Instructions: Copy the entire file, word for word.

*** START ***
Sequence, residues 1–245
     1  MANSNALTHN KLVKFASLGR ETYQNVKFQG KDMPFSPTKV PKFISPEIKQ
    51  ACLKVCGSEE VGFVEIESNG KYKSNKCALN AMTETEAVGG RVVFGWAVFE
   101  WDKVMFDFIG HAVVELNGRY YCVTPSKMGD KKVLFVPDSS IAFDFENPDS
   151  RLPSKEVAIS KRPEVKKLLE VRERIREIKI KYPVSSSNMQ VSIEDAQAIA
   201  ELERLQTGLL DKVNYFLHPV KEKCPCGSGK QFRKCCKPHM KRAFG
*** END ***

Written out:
Sequence, residues 1–245
     1  MANSNALTHN KLVKFASLGR ETYQNVKFQG KDMPFSPTKV PKFISPEIKQ
    51  ACLKVCGSEE VGFVEIESNG KYKSNKCALN AMTETEAVGG RVVFGWAVFE
   101  WDKVMFDFIG HAVVELNGRY YCVTPSKMGD KKVLFVPDSS IAFDFENPDS
   151  RLPSKEVAIS KRPEVKKLLE VRERIREIKI KYPVSSSNMQ VSIEDAQAIA
   201  ELERLQTGLL DKVNYFLHPV KEKCPCGSGK QFRKCCKPHM KRAFG